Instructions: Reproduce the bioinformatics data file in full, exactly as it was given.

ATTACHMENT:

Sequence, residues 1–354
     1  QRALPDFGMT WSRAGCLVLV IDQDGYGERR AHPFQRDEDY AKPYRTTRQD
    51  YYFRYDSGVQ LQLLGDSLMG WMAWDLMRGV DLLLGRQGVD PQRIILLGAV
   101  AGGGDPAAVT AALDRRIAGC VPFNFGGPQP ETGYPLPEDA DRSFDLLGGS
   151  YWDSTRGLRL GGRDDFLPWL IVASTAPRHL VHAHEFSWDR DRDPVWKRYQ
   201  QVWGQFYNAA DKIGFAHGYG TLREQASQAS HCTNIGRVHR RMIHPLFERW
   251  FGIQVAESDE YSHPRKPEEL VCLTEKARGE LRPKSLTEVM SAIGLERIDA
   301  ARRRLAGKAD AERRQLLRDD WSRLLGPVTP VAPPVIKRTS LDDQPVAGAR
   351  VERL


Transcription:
Sequence, residues 1–354
     1  QRALPDFGMT WSRAGCLVLV IDQDGYGERR AHPFQRDEDY AKPYRTTRQD
    51  YYFRYDSGVQ LQLLGDSLMG WMAWDLMRGV DLLLGRQGVD PQRIILLGAV
   101  AGGGDPAAVT AALDRRIAGC VPFNFGGPQP ETGYPLPEDA DRSFDLLGGS
   151  YWDSTRGLRL GGRDDFLPWL IVASTAPRHL VHAHEFSWDR DRDPVWKRYQ
   201  QVWGQFYNAA DKIGFAHGYG TLREQASQAS HCTNIGRVHR RMIHPLFERW
   251  FGIQVAESDE YSHPRKPEEL VCLTEKARGE LRPKSLTEVM SAIGLERIDA
   301  ARRRLAGKAD AERRQLLRDD WSRLLGPVTP VAPPVIKRTS LDDQPVAGAR
   351  VERL